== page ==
Received: by alpheratz.cpm.aca.mmu.ac.uk id AAA13998 (8.6.9/5.3[ref firstname.lastname@example.org] for cpm.aca.mmu.ac.uk from email@example.com); Fri, 27 Jul 2001 00:23:57 +0100 Message-Id: <200107262321.f6QNLKU19490@unix03.wehi.edu.au> Date: Fri, 27 Jul 2001 09:21:18 +1000 Content-Type: text/plain; format=flowed; charset=us-ascii X-Mailer: Apple Mail (2.388) From: John Wilkins <wilkins@wehi.EDU.AU> To: firstname.lastname@example.org In-Reply-To: <F44mD9TgDW448NvzHr400007876@hotmail.com> Subject: Re: Logic Content-Transfer-Encoding: 7bit Sender: email@example.com Precedence: bulk Reply-To: firstname.lastname@example.org
On Friday, July 27, 2001, at 12:04 AM, Scott Chase wrote:
> I think it was Piaget who was captivated by the idea of behavior
> setting the tone for subsequent evolution. Maybe Joe Dees our resident
> Piagetian can corroborate or John Wilkins can have a conniption fit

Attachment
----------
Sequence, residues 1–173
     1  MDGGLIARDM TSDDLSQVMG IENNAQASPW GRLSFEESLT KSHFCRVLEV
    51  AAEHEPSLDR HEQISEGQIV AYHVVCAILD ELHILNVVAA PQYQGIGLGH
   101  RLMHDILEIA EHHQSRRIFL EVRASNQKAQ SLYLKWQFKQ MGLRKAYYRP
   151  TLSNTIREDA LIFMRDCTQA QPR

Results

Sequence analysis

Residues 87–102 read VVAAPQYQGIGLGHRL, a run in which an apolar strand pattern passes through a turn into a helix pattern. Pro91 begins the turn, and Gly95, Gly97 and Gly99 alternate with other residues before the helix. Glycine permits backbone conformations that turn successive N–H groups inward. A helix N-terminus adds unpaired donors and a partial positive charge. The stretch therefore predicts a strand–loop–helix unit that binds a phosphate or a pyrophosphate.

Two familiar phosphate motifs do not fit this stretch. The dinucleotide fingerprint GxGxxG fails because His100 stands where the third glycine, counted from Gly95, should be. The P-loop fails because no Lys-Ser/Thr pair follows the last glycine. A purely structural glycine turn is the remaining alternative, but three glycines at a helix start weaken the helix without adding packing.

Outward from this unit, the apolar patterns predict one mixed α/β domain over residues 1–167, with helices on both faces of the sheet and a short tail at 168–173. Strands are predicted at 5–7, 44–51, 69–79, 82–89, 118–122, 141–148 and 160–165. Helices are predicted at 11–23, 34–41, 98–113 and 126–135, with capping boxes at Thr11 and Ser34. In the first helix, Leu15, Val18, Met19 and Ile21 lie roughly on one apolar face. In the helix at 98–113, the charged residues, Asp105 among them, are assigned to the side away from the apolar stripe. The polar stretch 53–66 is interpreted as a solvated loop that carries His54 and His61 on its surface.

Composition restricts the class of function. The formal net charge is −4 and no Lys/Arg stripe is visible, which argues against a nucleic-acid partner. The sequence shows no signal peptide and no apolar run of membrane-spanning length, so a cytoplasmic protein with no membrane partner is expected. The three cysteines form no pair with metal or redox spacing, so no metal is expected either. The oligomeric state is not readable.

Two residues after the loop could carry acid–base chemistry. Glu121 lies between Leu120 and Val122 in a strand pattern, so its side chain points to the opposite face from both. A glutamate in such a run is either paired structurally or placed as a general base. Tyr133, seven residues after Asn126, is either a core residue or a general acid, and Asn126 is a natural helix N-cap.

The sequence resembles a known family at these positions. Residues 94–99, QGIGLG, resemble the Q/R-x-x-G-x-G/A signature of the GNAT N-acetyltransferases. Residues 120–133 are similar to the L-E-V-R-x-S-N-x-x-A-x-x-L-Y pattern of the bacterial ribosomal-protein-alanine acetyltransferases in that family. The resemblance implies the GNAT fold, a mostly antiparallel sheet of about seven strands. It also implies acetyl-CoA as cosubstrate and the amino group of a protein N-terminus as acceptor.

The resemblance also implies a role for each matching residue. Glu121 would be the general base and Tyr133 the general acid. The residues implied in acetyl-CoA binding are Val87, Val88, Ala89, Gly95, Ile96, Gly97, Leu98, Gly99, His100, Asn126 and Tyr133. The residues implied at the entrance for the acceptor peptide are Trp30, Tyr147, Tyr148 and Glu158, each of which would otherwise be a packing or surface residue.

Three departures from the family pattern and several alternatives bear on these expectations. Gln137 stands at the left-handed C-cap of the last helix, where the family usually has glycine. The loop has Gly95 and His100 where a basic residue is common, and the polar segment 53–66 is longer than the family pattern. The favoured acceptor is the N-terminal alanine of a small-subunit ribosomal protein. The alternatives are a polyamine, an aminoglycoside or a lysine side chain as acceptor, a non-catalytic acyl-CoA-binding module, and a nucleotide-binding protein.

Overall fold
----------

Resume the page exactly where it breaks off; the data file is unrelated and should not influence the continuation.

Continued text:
> about Piaget.
I don't see why I should. Behaviour biases the genetic fitness landscape
such that certain sorts of mutations or recombinations become fitter if
the behaviour persists long enough. Piaget's problem was, IIRC, that he
thought this was a direct effect something akin to neo-Lamarckism (which
was still a viable view when he wrote, at least in France), not that
behaviour has some evolutionary effect. This is just the Baldwin Effect
in action, BTW.
-- John Wilkins Head Communication Services The Walter and Eliza Hall Institute of Medical Research Personal page: <http://users.bigpond.com/thewilkins/darwiniana.html>
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